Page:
ChatGPT, the chatbot implementation of OpenAI's GPT-3 and GPT-4 language models, has taken the world by storm in less than a year. Its immediate ubiquity has kept it in the headlines consistently, as it's drawn copyright infringement lawsuits based on how it uses the data that the model was trained with and defamation lawsuits for faking its way through requests for factual information, as well as having acted disturbingly human at times, among other things. Confusion as to what it is and how it works has led to alternative chatbots based on the GPT models, like Microsoft's Bing Chatbot, adding citations to make it clear that it was serving verifiable information where ChatGPT was not.
All of these very public issues have informed the development of ChatGPT, and, in November, OpenAI announced a major update, GPT-4 Turbo, at an inaugural developers conference. Not only does the update tweak the underlying model and its chatbot interface, but it also includes legal protections for enterprise users. Let's take a look at what's new.
What is ChatGPT-4 Turbo?
GPT-4 Turbo is the newest version of the language model at the heart of ChatGPT. Though it's been upgraded technologically in various ways, the most important difference may be that OpenAI will cover the costs of any copyright infringement litigation brought against enterprise customers.
"OpenAI is committed to protecting our customers with built-in copyright safeguards in our systems," reads the official announcement. "Today, we're going one step further and introducing Copyright Shield—we will now step in and defend our customers, and pay the costs incurred, if you face legal claims around copyright infringement. This applies to generally available features of ChatGPT Enterprise and our developer platform."
In its announcement, OpenAI described the GPT-4 Turbo model as "more capable and ha[ving] knowledge of world events up to April 2023." It also touts a 128k content window, meaning that the newer model "can fit the equivalent of more than 300 pages of text in a single prompt." The performance of the new model, meanwhile, has been optimized so that it requires less input tokens, with the announcement describing "a 3x cheaper price for input tokens and a 2x cheaper price for output tokens compared to GPT-4."
How does ChatGPT-4 Turbo work?
As of this writing, ChatGPT-4 Turbo is only available to paying developers, but it will make its way to the general public soon.
In its announcement, OpenAI touted how much more context GPT-4 Turbo can glean from both chatbot queries and the data it's been trained to parse. Not only is the training data set, as mentioned earlier, current as of April 2023, but the chatbot now has a 128k context window, which means that queries can now "fit the equivalent of more than 300 pages of text in a single prompt."
This better contextual understanding can also be seen in removing the dropdown menu that dictated what other AI tools you wanted to use with that chatbot, like DALL-E 3 for image generation. Starting with ChatGPT-4 Turbo, the chatbot will understand from your query that you're seeking an image, for example, and solicit help from DALL-E as a result. The same goes for utilizing "Browse with Bing" if you make it clear that you want ChatGPT to connect to the internet. The new model also does an improved job of staying on task when given precise instructions, like when solicited to write a specific kind of code. (The example given in OpenAI's announcement is "always respond in XML.")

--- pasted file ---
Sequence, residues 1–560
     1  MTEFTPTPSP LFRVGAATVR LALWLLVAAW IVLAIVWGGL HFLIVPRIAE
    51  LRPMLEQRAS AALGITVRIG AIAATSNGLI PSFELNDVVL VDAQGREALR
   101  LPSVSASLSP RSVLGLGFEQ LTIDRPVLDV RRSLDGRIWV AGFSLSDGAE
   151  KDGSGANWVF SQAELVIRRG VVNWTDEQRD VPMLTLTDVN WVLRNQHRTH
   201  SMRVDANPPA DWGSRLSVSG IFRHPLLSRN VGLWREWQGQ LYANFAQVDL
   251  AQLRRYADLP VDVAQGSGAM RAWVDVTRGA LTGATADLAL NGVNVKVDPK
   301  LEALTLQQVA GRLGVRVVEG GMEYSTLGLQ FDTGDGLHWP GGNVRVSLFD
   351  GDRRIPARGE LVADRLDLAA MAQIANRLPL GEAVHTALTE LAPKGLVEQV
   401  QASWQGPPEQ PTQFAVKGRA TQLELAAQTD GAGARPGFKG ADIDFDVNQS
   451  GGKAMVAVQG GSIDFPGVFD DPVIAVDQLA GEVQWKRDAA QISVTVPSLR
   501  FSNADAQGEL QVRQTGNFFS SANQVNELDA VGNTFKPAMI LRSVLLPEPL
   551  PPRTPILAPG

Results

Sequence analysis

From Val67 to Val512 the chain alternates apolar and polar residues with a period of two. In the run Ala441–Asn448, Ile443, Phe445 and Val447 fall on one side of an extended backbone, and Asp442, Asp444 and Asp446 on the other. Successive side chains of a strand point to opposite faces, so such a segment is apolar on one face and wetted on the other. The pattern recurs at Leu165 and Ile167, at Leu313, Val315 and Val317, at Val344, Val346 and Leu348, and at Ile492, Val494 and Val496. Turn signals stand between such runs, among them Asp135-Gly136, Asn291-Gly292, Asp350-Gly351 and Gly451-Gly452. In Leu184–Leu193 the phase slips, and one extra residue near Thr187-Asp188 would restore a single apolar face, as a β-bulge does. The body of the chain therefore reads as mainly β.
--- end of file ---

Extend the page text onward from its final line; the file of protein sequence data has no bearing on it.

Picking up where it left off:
ChatGPT-4 Turbo benefits
Running ChatGPT4-Turbo is more efficient and, thus, less expensive for developers to run on a per-token basis than ChatGPT-4 was. In numerical terms, the rate of one cent per 1,000 input tokens is one-third of the previous cost, while the rate of three cents per 1,000 output tokens is half of what the cost was in ChatGPT-4.
ChatGPT-4 Turbo also, as noted earlier, has gotten a significant boost when it comes to understanding context. Being able to accept the equivalent of over 300 pages of text in a single prompt makes it stronger than ever at summarizing documents. It's also a better "listener" in terms of being able to discern instructions in various ways, like sticking to writing code or knowing when to call on other AI tools without having to pre-select them from a dropdown menu. And even if you don't connect it to Bing so it can access the contemporary internet, its data set has at least been updated to current as of April 2023.
ChatGPT-4 Turbo negatives
ChatGPT-4 Turbo still has many of the issues that have been inherent to ChatGPT since its launch in November 2022 — the biggest one is that it can't be looked at as an encyclopedic resource. It's a language and its goal is not to find accurate information. This is probably best exemplified by the case of Steven Schwartz, the lawyer who enlisted ChatGPT's help in legal research thinking it was an AI-assisted search engine. The way Schwartz explained what happened in a June 8, 2023 filing probably best explains the confusion he and others have faced when using ChatGPT.
"Mr. Schwartz, a personal injury and workers compensation lawyer who does not often practice in federal court, found himself researching a bankruptcy issue under the Montreal Convention 1999," he wrote. "He also found that his firm's Fastcase subscription no longer worked for federal searches. With no Westlaw or LexisNexis subscription, he turned to ChatGPT, which he understood to be a highly-touted research tool that utilizes artificial intelligence (AI). He did not understand it was not a search engine, but a generative language processing tool primarily designed to generate human-like text response based on the user's text input and the patterns it recognized in data and information used during its development or 'training,' with little regard for whether those responses are factual."